Sunday, January 3, 2016

W6/SC-352 Mt Helix

This was an easy activation, but one we enjoyed alot. We've lived in San Diego for over 20 years and have never visited this spot, even during our Geocaching days. I'm not sure how we missed it. I am grateful for SOTA for bringing me here.

W6/SC-352 Mt Helix

Mt Heli Park Calendar

We rode our motorcycles here and parking would have been a problem had we not. I would recommend not arriving in the middle of the day on Saturday or Sunday in case it is busy and parking is tight, also check the park calendar in case it is closed for a wedding or other event. Parking is limited to 30 minutes according to the signage so you will need to be quick, we spent about 45 minutes total. I hadn't planned on this one today, too much work to do, but the XYL wanted to get out there so off we went.

I made one QSO on VHF 146.520 FM using my Baofeng UV-8HP with a 16 inch antenna, the first FM QSO I have made on it without the portable slim jim antenna. Six more QSO's on 40 and 20 meters wrapped up a quick activation. Even with the parking lot full (it is small) the park was not busy and we had a small corner to ourselves near the top of the outdoor theatre.

Saturday, January 2, 2016

W6/SC-282 Jamul Mountains HP

This was a two mile hike with very steep sections. Since I'm out of shape, I took a few breaks on the way up, making it an almost 2 hour hike. My XYL came along once more, but this time voluteered to carry some gear reducing my load by half, I can't thank her enough for putting up with and taking part in my hobbies.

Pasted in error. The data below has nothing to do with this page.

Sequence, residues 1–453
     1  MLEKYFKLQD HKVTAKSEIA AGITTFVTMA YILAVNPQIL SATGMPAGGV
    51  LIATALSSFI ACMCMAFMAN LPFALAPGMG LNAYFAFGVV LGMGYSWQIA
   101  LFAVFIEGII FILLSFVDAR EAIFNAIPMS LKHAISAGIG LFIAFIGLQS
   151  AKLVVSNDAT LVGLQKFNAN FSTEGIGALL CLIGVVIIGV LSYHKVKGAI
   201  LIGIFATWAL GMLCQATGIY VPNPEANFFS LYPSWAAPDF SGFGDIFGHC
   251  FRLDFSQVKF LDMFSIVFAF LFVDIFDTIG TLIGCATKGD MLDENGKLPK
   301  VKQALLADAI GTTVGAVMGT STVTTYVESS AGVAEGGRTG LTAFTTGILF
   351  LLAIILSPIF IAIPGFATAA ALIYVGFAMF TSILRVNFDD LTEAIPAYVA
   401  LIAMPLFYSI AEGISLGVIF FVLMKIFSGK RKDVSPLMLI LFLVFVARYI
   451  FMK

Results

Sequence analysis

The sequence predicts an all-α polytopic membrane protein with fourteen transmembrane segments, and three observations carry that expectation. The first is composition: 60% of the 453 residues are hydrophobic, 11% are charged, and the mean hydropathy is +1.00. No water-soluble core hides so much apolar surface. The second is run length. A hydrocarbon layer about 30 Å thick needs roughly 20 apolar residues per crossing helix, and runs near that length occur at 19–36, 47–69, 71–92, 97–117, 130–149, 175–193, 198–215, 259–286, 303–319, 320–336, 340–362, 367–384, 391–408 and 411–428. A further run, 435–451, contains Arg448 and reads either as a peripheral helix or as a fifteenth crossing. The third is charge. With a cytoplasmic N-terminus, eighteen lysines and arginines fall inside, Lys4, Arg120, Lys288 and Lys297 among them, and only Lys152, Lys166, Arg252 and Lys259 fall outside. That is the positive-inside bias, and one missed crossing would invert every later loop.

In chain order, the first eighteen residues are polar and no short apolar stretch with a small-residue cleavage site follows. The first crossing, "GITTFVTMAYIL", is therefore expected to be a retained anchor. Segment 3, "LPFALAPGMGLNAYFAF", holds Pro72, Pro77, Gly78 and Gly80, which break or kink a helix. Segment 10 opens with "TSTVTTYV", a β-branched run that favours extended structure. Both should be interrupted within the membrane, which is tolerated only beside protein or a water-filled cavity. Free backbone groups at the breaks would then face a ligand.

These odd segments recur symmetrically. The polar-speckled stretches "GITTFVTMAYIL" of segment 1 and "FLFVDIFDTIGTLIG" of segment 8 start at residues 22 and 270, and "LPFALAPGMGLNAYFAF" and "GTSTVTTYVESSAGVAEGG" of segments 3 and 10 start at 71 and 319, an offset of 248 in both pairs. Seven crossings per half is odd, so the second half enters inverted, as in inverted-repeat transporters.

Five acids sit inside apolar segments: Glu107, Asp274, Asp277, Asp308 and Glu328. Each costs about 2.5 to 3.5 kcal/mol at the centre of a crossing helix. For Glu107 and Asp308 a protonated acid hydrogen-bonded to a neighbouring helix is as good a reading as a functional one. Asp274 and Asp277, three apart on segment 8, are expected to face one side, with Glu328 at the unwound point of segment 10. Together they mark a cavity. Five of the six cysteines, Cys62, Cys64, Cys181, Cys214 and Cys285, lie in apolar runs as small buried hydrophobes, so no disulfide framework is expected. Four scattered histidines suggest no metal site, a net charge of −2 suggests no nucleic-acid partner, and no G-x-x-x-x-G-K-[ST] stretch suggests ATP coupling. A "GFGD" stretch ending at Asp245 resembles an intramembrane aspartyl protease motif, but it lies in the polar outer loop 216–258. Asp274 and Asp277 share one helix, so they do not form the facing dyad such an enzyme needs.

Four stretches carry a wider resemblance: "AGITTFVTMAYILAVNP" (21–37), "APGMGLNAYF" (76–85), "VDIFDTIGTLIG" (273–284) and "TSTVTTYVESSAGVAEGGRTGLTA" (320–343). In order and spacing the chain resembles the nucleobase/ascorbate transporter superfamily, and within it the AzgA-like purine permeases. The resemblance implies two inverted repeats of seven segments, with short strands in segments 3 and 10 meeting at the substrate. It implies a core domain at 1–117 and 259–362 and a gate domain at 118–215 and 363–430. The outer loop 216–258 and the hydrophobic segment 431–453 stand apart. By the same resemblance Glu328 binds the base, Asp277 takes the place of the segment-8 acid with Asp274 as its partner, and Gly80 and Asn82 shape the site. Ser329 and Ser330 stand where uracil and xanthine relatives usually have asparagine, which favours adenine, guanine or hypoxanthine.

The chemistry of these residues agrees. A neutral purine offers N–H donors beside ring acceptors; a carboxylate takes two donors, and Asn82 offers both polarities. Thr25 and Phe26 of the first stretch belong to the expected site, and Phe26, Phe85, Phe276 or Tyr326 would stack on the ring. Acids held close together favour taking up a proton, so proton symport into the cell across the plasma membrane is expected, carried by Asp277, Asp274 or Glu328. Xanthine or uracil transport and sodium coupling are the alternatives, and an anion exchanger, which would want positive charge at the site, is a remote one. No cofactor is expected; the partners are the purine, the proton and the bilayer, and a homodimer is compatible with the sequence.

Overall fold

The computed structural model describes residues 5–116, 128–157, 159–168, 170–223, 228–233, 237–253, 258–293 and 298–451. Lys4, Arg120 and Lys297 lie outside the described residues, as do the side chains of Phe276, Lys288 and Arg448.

W6/SC-282 Jamul Mountains HP

There appear to be are a few places to start this hike along Proctor Valley road, our route started  here, dropped down into a grove of trees, then up to the summit:

Proctor Valley Rd north of Summit Start

There are some ecological preserve boundries here but you can get in and out to the summit  without crossing into them, more info can be found here:

Rancho Jamul Ecological Reserve

I had some trouble again with my radio, lack of noise making it hard again to tune the magnetic loop. There were a few NPOTA activators and SOTA/NPOTA activators on 20 meters and the band was busy. Thank you to the chasers who worked me, those who tried, and those who pointed me in the right direction.

Thursday, December 31, 2015

My SOTA gear up days

With it raining regularly here I had some extra time to dedicate to my radio gear. My QTH HOA restricts my antenna options to a small magnetic loop antenna so I chose to use one for portable use as well. I built a simple remote tuner using an Arduino Nano, a 5V stepper motor, RJ45 connectors, and flat ethernet cable. The main loop is made of a 10ft RG214 cable, and RG213/U for the feed loop. The QTH version is 3/8 copper tubing for main loop and RG213/U for the feeder. The QTH one uses an MFJ 282-2005 variable capacitor. The QTH setup gets me 40-17 meters and the portable setup 40-15 meters using a combination of a variable and fixed capacitor, 4.5-102 pF and 100 pF respectively. From my research and experience it seems two loops would provide optimal coverage of the bands so I will likely add a smaller loop of 6 feet to both setups.

The strange looking tupperware to the left of my X1M in the photos is my franken-tuner. Along with the remote tuner it has stuck or stuffed into it a SWR meter and digital interface for my PC and Androids. One of these days when I have time I'll design a circruit card to reduce this down to a much smaller size and likely fit it into a extender case for the X1M. I'm currently tinkering with a small Arduino based waterfall, band pass filter for CW, auto-tuner logic for the remote tuner, and a few other things I'd like the X1M to have. The end result will look something like this:

Getting back to the 'gear up', here's what I came up with to help me in my SOTA adventures: